- For Kristeva, this process of rejection is something that happens at both the individual level and the collective level. The individual connects these feelings to the natural rejection of the mother (i.e. the process of growing up). The collective uses these feelings of rejection to establish boundaries between “good” and “bad”: the sacred and the profane, culture and chaos, us and them, etc. Society tries to delineate the boundary between “us” and “them” to create a sense of coherent identity in the group. Abject people get pushed to the margins or the boundaries because they create a sense of horror that the dominant group has more in common with the marginalized group than they would like to think.
- While twentieth-century French thought does not necessarily apply to tenth-century Anglo-Saxon culture (i.e., the psychoanalytic part about mothers and infants), the basic concept about an outcast group being reviled because of its similarities to the dominate group seems like it could be applicable to groups from many different cultures and time periods.
As we consider each individual monster, I ask my students: why would this monster be threatening to this society? If monsters are a sign of abjection, something to be shunned or outcast because they are a horrifying reminder of something a society would like to forget, then what is it about this particular monster that the members of Heorot don't want to have to see?
In order to talk about warrior culture, specifically in what is (probably) a tenth-century poem written by a Christian Anglo-Saxon poet, but looking back at the pagan past of seventh or eighth century Scandinavia, I turn to JRR Tolkien's famous essay, "Beowulf: The Monsters and the Critics":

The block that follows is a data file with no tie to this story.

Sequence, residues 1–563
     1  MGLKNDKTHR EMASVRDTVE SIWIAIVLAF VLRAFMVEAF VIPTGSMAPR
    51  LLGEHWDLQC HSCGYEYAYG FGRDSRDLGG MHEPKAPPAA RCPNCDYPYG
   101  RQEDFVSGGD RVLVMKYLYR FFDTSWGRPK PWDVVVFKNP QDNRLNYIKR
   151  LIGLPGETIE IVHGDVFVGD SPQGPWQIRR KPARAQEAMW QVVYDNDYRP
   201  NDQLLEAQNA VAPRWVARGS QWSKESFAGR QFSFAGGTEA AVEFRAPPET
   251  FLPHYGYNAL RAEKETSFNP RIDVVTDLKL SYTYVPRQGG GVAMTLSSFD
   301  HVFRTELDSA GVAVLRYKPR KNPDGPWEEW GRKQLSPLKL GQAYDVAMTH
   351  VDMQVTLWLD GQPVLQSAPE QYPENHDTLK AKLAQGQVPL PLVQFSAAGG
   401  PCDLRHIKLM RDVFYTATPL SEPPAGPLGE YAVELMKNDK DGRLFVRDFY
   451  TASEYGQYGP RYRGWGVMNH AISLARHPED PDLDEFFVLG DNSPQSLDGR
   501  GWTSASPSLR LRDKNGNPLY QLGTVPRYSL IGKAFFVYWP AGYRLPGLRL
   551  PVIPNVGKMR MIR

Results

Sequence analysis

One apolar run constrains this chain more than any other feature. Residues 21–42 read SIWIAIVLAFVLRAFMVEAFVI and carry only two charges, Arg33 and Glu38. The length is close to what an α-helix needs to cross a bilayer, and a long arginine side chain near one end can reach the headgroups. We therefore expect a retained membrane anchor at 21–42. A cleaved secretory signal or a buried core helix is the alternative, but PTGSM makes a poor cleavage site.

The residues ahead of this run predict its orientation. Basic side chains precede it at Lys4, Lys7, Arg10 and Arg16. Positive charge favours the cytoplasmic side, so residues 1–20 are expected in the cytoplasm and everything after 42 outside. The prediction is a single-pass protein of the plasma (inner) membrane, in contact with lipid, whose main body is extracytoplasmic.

The monsters were the foes of the Gods, and the monsters would win; and in the heroic siege and the last defeat alike men and Gods were in the same host… the monsters remained – indeed they do remain; and a Christian [of Anglo-Saxon culture] was no less hemmed in by the world that is not man than the pagan [of Norse culture]...
We are in fact just in time to get a poem from a man who knew enough of the old heroic tales … to perceive their common tragedy of inevitable ruin, and to feel it perhaps more poignantly because he was a little removed from the direct pressure of its despair [through his Christianity]; who yet could view it with a width and depth only possible in a period which has in Christianity a justification of what had hitherto been a dogma not so much of faith as of instinct – a huge pessimism as to the event, combined with an obstinate belief in the value of the doomed effort.
-- J.R.R. Tolkien, Beowulf and the Critics, ed. Michael D.C. Drout (Tempe, Arizona: Arizona Center for Medieval and Renaissance Studies, 2002), 65-67.
After the jump, I've included a set of discussion questions, some of which I have written myself and some of which I have culled from Fran Dolan and Margie Ferguson, professors at UC Davis who have shared their pedagogical strategies for the poem with me.